Senators Grassley and Levin introduce the Hedge Fund Transparency Act
Senators Charles Grassley (R-IA) and Carl Levin (D-MI) introduced the Hedge Fund Transparency Act (“HFTA”) on January 29, 2009. Despite its name, the HFTA also would apply to private equity funds, venture capital funds, real estate funds and other private investment vehicles (“Private Funds”) with at least $50 million in assets or assets under management. If enacted, the bill would require these funds to register with the Securities and Exchange Commission (“SEC”).
Under current law, Private Funds typically are excluded from the definition of “investment company” under either Section 3(c)(1) or 3(c)(7) of the Investment Company Act of 1940, as amended (the “1940 Act”). The bill would define Private Funds as “investment companies,” but would exempt them from compliance with the full spectrum of 1940 Act requirements.
In a departure from current law, HFTA would subject Private Funds to full SEC oversight, even though they would be exempt from many of the provisions that apply to other types of investment companies, such as mutual funds and closed-end funds. The bill would require the funds, rather than their investment advisers, to register with the SEC.
Registration and Other Conditions for Exemption from the 1940 Act
Under the HFTA, in order to remain exempt from the substantive provisions of the 1940 Act, Private Funds would have to:
1. register with the SEC;
2. maintain books and records as prescribed by the SEC;
3. cooperate with any SEC information request or examination; and
4. file an annual disclosure form, to be made publicly available, containing the following information:
- names of the companies and natural individuals who are the beneficial owners of the Private Fund along with an explanation of the ownership structure;
- names of any financial institutions with which the Private Fund is affiliated;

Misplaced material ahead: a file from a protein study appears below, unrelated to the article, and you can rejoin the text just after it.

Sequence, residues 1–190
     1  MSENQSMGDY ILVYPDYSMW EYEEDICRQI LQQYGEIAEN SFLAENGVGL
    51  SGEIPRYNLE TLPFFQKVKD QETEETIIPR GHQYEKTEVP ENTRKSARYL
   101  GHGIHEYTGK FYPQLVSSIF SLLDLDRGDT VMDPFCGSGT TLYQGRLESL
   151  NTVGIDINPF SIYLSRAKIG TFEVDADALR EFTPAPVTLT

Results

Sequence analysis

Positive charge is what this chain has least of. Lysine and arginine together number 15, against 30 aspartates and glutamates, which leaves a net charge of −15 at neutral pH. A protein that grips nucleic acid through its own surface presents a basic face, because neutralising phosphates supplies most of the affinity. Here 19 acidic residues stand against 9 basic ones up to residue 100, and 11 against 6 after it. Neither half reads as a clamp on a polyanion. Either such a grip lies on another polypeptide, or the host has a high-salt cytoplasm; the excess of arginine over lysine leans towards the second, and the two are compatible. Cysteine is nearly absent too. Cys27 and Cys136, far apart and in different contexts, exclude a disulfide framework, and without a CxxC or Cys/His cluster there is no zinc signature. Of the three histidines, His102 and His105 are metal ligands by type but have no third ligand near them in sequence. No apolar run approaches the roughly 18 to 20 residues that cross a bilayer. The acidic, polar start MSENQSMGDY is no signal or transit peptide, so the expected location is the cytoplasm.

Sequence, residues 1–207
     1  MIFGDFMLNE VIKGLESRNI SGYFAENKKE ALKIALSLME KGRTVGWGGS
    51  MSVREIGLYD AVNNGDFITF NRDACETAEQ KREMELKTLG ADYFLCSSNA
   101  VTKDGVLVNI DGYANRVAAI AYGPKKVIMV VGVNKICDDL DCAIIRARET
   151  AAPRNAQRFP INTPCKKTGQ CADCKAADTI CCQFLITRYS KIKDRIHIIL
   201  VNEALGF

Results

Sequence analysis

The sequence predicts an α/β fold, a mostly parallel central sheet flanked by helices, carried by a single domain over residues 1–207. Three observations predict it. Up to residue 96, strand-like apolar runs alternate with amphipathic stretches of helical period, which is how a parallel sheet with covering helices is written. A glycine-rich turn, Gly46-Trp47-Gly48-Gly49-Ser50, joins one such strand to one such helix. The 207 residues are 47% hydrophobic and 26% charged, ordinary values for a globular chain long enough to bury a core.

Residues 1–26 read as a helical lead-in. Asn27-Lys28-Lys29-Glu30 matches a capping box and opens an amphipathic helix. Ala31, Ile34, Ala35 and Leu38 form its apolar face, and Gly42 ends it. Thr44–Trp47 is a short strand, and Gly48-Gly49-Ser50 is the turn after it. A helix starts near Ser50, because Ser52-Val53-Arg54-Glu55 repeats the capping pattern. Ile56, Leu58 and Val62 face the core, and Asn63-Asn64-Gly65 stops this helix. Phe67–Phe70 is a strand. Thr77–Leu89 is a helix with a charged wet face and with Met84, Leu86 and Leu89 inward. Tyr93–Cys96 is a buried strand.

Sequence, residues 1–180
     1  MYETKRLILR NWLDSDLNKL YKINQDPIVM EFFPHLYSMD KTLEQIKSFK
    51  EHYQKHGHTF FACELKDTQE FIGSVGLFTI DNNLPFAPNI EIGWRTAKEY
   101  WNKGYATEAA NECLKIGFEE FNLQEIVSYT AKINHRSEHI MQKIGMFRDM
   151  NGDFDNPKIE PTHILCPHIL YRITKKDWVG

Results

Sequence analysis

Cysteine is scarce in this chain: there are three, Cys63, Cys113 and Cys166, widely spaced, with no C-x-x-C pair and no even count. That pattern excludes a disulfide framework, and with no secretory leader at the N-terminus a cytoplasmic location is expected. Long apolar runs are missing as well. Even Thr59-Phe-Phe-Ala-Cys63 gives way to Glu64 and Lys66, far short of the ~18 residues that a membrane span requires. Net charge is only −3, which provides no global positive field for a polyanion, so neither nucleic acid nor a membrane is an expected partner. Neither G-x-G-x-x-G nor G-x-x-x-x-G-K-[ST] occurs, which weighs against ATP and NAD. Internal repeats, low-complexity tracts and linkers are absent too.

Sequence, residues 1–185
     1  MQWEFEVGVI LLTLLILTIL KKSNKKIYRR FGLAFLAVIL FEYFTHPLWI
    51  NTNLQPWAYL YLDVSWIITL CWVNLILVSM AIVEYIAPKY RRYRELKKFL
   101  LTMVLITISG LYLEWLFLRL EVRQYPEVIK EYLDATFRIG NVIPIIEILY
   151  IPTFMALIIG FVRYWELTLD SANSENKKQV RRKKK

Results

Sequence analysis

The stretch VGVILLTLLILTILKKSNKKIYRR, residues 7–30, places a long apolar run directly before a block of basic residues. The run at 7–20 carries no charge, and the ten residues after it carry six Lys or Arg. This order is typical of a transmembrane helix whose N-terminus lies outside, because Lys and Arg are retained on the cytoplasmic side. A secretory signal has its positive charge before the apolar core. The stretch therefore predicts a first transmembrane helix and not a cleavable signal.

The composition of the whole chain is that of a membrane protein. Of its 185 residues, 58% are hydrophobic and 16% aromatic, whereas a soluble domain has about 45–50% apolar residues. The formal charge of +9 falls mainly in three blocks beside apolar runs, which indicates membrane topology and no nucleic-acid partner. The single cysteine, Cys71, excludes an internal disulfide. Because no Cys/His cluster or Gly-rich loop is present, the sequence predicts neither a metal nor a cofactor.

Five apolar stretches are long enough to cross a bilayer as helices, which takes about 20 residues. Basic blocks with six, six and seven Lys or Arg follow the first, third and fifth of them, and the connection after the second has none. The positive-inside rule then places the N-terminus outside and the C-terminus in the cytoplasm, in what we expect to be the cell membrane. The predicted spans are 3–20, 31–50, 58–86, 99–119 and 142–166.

- the minimum investment commitment required of an investor;
- the total number of investors in the Private Fund;
- the name of the Private Fund’s primary accountant and broker; and
- the current value of the Private Fund’s assets and assets under management.
The bill would require Private Funds to file this information electronically with the SEC in an electronically searchable format, available to the public at no cost. HFTA would also authorize the SEC to require additional information as it deems appropriate.
Anti-Money Laundering Obligations
The bill also directs the U.S. Department of the Treasury to issue a final rule, within 180 days of enactment of the HFTA, requiring Private Funds to establish anti-money laundering (“AML”) programs and, in particular, to guard against allowing suspect offshore funds into the U.S. financial system. In October 2008, the Treasury had withdrawn proposed rules that would have imposed similar requirements on Private Funds.
HFTA calls for greater transparency of Private Funds but primarily focuses on their ownership structure and affiliation with other financial institutions. HFTA does not require Private Funds to disclose their investment strategies, industry focus, leverage or exposure to counterparties. While HFTA subjects Private Funds to SEC oversight, it is unclear how the SEC will exercise its powers to request information or conduct examinations.
Substantial opposition to the disclosure of beneficial ownership interest should be expected.